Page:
Mideast TV firm gets buyout offer from unnamed bidder

DUBAI: Middle Eastern pay-television operator OSN is the subject of a full takeover bid from an unnamed buyer, its parent company said Sunday, a deal that could prove to be one of the largest acquisitions of a regional business in recent years. Kuwait Projects Company (KIPCO), which owns 60.5 percent of OSN, said in a bourse filing it would evaluate the bid alongside its partner and update the market if there were any developments. Saudi Arabia-based Mawarid Group owns the rest of OSN, according to the firm’s website. No value for the bid was given. However, brokerage Arqaam Capital last year valued OSN at $4.3 billion.

OSN, which has operations across the Middle East and North Africa and posted earnings of 139.5 million dinars ($494 million) in 2013, was a candidate for an initial public offer of shares this year, although the company dampened those expectations in recent weeks.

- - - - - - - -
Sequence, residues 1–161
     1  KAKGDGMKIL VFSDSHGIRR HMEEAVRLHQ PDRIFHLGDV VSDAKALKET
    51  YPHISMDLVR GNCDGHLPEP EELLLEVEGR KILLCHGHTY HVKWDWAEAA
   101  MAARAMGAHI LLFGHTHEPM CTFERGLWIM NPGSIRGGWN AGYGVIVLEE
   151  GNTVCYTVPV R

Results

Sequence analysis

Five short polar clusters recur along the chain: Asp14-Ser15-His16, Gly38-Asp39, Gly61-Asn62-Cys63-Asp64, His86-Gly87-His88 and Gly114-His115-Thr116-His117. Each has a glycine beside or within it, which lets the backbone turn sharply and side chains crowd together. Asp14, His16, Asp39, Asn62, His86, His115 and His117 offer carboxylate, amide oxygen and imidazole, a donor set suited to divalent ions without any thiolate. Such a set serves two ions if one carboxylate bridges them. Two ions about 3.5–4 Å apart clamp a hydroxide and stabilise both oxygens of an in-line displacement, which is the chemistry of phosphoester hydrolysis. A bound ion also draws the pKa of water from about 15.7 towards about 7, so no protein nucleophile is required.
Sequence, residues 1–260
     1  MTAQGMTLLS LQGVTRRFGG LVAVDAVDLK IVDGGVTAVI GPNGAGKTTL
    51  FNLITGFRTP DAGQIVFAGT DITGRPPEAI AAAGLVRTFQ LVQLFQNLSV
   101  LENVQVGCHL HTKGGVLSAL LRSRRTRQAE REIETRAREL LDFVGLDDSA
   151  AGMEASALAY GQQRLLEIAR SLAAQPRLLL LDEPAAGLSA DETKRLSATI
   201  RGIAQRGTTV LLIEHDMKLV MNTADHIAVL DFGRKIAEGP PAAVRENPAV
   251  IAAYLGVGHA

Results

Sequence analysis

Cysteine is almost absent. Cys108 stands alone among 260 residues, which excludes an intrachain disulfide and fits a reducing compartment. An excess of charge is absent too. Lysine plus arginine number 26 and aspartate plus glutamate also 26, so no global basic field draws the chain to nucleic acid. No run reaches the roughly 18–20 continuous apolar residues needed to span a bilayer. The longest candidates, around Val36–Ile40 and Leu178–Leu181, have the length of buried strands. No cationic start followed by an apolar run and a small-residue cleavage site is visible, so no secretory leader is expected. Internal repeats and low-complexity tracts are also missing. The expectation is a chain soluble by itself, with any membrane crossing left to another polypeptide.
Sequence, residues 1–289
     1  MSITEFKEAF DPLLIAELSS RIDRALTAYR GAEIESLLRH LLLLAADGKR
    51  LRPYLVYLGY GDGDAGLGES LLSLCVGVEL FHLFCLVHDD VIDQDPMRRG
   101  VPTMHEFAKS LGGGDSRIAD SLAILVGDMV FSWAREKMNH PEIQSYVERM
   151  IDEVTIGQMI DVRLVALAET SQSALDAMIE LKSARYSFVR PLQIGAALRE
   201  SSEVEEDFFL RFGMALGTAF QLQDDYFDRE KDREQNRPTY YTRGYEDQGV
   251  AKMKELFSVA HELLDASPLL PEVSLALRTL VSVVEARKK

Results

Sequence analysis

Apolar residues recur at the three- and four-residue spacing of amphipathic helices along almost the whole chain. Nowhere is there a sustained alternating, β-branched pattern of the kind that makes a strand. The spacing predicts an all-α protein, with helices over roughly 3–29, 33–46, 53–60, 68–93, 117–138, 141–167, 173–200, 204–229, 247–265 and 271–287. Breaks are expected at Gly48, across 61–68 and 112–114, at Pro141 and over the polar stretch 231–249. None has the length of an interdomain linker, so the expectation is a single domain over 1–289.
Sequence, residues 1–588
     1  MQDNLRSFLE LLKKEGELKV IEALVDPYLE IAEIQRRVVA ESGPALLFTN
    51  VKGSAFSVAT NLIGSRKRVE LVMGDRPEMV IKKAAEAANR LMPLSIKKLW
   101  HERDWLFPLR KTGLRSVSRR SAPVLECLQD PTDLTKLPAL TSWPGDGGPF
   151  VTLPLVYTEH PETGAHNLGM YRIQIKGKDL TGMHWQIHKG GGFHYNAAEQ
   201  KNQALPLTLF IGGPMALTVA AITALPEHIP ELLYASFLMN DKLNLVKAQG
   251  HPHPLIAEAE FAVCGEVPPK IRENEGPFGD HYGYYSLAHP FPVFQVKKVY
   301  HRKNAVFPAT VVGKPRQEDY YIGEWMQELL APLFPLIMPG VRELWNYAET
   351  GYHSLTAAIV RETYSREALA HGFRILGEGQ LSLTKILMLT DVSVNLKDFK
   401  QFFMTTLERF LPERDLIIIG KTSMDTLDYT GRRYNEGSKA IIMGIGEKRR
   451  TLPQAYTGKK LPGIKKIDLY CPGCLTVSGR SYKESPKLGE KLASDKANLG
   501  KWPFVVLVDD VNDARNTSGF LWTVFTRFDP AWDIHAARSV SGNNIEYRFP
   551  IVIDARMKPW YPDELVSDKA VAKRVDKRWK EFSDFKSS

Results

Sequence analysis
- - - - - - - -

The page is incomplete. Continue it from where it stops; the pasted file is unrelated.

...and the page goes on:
KIPCO said early this year that a flotation could happen on the London stock exchange in 2014, but OSN chief executive David Butorac told reporters in May that a share sale was not imminent. Butorac also said OSN’s shareholders were looking at future options for the business.

Should a sale be completed at around the kind of valuation which Arqaam put on the company, it will be one of the largest sales of a Middle Eastern business in recent years.

OSN joins a number of Kuwaiti-linked companies that are said to have attracted interest from potential buyers this year, with consumer-focused businesses garnering the most attention because of the Gulf’s young population and growing wealth.

Majority shareholder of Kuwait Food Co., Americana, has hired investment bank Rothschild to explore selling the business, which has a value of about $4.3 billion; private equity firms have been eying a deal.

Meanwhile, a stake in Bahrain-listed Ahli United Bank (AUB) could be sold or the bank merged with another lender in a deal worth up to $5 billion, sources told Reuters in April. AUB’s shareholders include funds owned by the governments of Kuwait and Bahrain.

A version of this article appeared in the print edition of The Daily Star on July 21, 2014, on page 5.




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